For copy send email to: Alfred E. Szmidt
CoxI genomic and cDNA sequences from gymnosperms and angiosperms
were used to study the effects of RNA editing on gene evolution and
There were distinct differences between gymnosperms and angiosperms with
respect to the number of nucleotide substitutions at individual codon
positions and the effect of editing. In six gymnosperms harbouring
edited coxI gene the number of nucleotide substitutions at first,
second and third positions of the codons was similar. In contrast,
in angiosperms, the number of nucleotide substitutions at first and
second positions of the codons was much lower than at the third.
Contrary to previous suggestions, we found that the coxI
gene in long-lived gymnosperms is evolving much faster than in
angiosperms which have much shorter generation time. In our opinion,
the observed accelerated rate of nucleotide substitution on the coxI
gene in gymnosperms is due to random, free accumulation of T-C substitutions
at edited sites. It thus appears that accelerated sequence evolution caused
by an intensive editing can override slowdown caused by long generation time.
These results provide further evidence for a considerable heterogeneity
of sequence dynamics among different mitochondrial genes and plant lineages.
The occurrence of such redundant synonymous editing indicates that
edited Cs can randomly appear at all three codon positions, and that
their predominance at first and second codon positions is due to
'purifying' effect of selection against nonsynonymous T-C substitutions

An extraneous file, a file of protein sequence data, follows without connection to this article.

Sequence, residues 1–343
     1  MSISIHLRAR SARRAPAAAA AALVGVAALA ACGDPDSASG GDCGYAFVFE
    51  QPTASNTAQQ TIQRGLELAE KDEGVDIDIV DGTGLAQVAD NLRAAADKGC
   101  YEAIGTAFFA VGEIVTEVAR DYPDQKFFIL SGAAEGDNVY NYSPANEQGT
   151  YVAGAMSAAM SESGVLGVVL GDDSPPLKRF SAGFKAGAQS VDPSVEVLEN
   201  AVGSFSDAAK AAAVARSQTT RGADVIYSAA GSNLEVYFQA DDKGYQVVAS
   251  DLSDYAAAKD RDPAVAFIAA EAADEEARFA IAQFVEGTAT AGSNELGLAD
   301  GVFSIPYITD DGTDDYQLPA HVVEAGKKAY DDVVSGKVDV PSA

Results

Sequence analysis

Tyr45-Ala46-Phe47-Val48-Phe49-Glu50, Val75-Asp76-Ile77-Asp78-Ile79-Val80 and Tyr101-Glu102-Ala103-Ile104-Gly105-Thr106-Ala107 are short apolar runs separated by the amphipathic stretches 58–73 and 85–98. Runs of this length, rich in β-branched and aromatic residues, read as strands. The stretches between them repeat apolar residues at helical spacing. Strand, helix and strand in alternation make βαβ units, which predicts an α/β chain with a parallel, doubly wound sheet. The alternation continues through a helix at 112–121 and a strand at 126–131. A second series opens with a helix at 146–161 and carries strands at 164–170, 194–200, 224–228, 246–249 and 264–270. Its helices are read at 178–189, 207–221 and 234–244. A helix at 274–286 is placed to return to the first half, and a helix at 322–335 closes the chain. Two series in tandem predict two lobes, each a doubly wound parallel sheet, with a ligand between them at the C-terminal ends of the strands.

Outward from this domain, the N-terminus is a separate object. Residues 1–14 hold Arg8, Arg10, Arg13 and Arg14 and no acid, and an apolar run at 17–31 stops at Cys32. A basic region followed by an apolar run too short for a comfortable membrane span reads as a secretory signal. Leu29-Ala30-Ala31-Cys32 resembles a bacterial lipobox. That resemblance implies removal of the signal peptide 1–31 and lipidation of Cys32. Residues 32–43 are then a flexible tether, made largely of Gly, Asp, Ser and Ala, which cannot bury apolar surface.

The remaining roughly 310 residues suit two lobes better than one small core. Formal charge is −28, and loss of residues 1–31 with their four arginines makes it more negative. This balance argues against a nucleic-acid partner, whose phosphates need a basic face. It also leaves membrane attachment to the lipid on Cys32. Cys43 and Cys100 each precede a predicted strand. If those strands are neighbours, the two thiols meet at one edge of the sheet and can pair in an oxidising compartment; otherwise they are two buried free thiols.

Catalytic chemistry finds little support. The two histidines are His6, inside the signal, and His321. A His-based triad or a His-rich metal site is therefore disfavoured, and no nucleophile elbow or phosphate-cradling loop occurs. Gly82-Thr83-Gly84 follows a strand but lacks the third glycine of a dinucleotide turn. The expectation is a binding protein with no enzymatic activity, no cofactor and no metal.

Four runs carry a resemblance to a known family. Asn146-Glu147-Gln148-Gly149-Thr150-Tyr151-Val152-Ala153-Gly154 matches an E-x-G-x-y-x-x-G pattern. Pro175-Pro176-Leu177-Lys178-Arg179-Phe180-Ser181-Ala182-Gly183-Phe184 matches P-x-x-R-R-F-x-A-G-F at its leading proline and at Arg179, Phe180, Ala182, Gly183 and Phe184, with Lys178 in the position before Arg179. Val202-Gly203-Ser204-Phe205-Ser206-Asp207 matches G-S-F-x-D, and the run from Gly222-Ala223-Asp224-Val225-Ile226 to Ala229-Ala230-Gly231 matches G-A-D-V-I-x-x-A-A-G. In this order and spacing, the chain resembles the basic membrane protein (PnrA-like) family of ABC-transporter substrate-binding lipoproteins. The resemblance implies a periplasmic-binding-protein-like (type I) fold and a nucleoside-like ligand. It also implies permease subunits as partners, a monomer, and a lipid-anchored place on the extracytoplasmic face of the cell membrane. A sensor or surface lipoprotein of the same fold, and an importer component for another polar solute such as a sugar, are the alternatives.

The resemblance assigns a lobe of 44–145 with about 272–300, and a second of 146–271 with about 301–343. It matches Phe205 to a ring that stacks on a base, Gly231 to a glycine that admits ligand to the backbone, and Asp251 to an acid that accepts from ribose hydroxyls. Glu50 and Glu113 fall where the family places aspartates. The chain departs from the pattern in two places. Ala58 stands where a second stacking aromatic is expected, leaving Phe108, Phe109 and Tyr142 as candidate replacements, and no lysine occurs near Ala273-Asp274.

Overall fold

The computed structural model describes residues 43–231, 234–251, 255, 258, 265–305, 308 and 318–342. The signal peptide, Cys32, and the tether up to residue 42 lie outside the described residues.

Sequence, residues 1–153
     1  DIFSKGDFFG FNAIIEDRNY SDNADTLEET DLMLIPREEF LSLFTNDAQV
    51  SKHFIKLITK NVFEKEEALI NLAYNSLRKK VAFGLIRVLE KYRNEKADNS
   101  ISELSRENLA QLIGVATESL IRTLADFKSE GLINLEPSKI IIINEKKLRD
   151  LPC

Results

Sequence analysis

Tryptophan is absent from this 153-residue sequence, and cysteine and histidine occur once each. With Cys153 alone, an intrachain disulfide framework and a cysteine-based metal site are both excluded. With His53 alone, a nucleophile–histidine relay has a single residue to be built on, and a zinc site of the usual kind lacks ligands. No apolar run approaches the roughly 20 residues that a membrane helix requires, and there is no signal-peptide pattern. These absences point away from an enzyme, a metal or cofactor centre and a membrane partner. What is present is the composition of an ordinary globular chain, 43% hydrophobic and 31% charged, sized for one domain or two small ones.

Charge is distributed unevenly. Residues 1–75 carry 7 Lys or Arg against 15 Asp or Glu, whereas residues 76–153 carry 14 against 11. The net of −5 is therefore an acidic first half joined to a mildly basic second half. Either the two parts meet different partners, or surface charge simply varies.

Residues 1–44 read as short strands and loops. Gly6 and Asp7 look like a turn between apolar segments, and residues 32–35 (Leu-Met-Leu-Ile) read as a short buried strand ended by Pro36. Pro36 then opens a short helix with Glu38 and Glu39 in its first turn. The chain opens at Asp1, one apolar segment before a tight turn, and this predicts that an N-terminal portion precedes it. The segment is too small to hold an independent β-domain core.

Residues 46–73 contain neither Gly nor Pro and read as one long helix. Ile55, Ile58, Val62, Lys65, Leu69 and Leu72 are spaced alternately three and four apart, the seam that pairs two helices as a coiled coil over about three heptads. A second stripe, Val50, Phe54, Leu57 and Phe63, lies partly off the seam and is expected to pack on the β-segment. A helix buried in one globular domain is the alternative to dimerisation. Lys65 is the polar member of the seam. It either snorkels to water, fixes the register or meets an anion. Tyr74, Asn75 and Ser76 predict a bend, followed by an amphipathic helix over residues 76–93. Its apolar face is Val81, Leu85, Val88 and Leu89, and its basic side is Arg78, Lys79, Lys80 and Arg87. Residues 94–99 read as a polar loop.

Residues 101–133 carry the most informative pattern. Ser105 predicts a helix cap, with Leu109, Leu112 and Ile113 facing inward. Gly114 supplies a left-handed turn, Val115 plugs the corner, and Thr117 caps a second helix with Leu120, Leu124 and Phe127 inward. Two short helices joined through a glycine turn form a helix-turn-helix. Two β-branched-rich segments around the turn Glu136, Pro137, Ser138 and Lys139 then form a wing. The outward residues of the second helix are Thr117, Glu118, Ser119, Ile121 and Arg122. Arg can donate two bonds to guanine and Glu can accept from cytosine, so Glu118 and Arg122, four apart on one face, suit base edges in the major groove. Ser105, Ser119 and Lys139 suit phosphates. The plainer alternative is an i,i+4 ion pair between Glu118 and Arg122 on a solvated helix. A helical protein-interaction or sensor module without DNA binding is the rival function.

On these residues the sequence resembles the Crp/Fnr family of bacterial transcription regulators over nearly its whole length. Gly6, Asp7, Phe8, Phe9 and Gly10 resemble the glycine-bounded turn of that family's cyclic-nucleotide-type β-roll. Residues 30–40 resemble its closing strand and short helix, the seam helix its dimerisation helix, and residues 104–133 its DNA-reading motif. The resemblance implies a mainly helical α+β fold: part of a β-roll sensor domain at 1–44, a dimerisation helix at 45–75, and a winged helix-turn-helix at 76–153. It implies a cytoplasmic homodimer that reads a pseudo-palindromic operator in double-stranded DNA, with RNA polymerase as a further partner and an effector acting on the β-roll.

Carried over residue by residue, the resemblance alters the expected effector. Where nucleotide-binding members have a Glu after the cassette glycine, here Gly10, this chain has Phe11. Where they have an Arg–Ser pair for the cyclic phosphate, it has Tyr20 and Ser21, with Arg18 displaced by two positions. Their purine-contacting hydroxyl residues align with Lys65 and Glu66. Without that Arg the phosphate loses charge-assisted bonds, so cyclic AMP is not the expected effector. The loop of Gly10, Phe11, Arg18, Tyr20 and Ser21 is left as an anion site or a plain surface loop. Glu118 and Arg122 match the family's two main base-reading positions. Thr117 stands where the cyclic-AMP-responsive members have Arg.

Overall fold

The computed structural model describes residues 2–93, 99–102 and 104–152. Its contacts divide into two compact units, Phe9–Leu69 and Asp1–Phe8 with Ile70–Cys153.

and other types of mutations.
The tree topologies for the investigated species based on genomic
DNA data were generally in concordance with their taxonomic positions.
The trees based on polymorphic edited sites were concordant with trees
derived from complete sequence information. This result indicates that
contrary to some earlier suggestions, edited sites are reliable sources
of phylogenetic information especially for species that contain many
edited sites. However, the fast evolution rate of the coxI gene
in gymnosperms has lead to the long branches in the phylogenetic trees.
The inclusion of the species with a processed paralog i.e., edited form
of the coxI gene, affected the topology of phylogenetic trees,
especially when the taxon with a processed paralog was closely related
to the other species analyzed. The number of informative nucleotides
in cDNA was much lower than in genomic DNA sequences. Consequently,
phylogenetic trees based on cDNA sequences were poorly resolved.
Keywords:gymnosperms, mitochondrial DNA, phylogeny, processed paralog, RNA editing.
by Alfred E. Szmidt